Medical Matters: Take care, generic drugs could be a prescription for confusion and misuse


Drug costs are a significant part of our public health budget. Community drugs schemes cost the taxpayer €1.7 billion in 2012. Innovation and more comprehensive prescribing means the cost of prescribed medications follows a rising curve.

Historically, the Republic has been out of step with its European neighbours when it comes to using less-expensive versions of a particular drug. For example, the use of generic medicines in the UK is four times that of Ireland. And one-third of medical card holders here are not using generic drugs.

To his credit, former Minister for Health James Reilly was responsible for the introduction of legislation in an attempt to flatten this inexorable rise in spending.

The Health (Pricing and Supply of Medical Goods) Act 2013 was enacted last summer. Generic substitution, under this legislation, encourages pharmacists to substitute a brand medicine with a generic version which has been designated as interchangeable by the Health Products Regulatory Authority, formerly the Irish Medicines Board.

So far, the list of interchangeable medicines includes cholesterol- lowering drugs, blood pressure medication and commonly prescribed acid-suppressant drugs.

Substantial savings

Savings on one class of drugs alone can be substantial. The Health Service Executive’s medicine management programme reckons it could save the taxpayer some €4 million annually by changing to the generic version of just two types of commonly prescribed blood pressure drugs.

However, generic prescribing is not without its downside, as I discovered recently.

Relatives of a 90-year-old patient were concerned when their mother became increasingly confused over a couple of days. Housebound due to mobility problems, this nonagenarian is nonetheless usually quite sharp. So this was a definite turn for the worse.

One of the commonest causes for an acute confusional state in older people is infection, but there was no sign of sepsis in this woman. Nor was there any obvious metabolic cause for her symptoms.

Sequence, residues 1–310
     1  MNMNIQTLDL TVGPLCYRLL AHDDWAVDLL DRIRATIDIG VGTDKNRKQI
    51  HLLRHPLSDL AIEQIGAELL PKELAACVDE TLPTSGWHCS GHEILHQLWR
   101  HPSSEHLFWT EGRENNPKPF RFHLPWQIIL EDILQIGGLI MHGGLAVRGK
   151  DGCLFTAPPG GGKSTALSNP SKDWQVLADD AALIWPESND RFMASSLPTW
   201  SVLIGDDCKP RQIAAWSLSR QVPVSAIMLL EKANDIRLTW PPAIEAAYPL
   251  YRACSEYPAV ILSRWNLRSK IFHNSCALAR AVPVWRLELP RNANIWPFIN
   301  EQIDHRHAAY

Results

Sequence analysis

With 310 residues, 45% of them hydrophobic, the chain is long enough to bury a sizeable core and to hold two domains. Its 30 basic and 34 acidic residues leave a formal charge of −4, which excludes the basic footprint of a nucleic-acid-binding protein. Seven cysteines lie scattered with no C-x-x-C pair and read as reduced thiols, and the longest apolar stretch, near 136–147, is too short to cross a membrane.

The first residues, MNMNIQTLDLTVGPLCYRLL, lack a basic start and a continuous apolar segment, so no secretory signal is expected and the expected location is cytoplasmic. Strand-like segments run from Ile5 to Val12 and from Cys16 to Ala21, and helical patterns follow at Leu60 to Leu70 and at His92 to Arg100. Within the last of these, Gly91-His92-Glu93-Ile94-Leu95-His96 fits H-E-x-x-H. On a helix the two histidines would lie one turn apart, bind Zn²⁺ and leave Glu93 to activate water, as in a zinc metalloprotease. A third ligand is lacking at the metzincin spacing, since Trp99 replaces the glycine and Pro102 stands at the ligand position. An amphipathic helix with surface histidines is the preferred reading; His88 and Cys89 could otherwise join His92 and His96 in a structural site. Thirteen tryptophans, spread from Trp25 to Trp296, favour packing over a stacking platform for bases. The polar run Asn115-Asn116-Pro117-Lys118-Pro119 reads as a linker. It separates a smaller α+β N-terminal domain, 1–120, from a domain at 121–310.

However, when I asked to see her medications, a quick perusal of her tablet-dispenser box offered a clue.

Several different generic types of the ACE inhibitor ramipril (a blood pressure medication) were scattered randomly throughout the daily time slots. And there were two versions of omeprazole, a drug used to control stomach acid.

When I checked the plastic bag full of the original medicine packets, it quickly became apparent that the woman had been changed from a branded version of the drugs some months previously and was now being dispensed generic substitutes.

Lost track

However, the original generics had themselves been “substituted”, meaning the patient had experienced multiple changes in tablet shape and size. Not surprisingly, she had lost track of the particular dose and timing of each. As well as being cost-effective, drug prescribing and dispensing must be safe.

Alerted by this episode, I have since uncovered more instances of patient uncertainty about generics, thankfully before any harm was done. But it is a salutary reminder that for patients on long-term medication, even a slight alteration in the appearance of a medication they have become familiar with over many years, can raise doubts in their minds – doubts which may progress to poor compliance and outright misuse of the drug.

Research suggests the shape and colour differences between branded and generic drugs could be contributing to non-adherence. Last year in a survey on Patient Non-Adherence in Ireland, respondents rated talking regularly to a doctor as the most important factor in ensuring people took their tablets regularly.

About four in 10 rated having a good understanding of the illness and having good knowledge of how their medication works as important factors.

Asking the pharmacist to prepare an older person’s medication in calendar packs, so that the person themselves no longer have to take medicines from packs and place them in tablet boxes is an option. It certainly has helped my confused nonagenarian to regain her mental sharpness.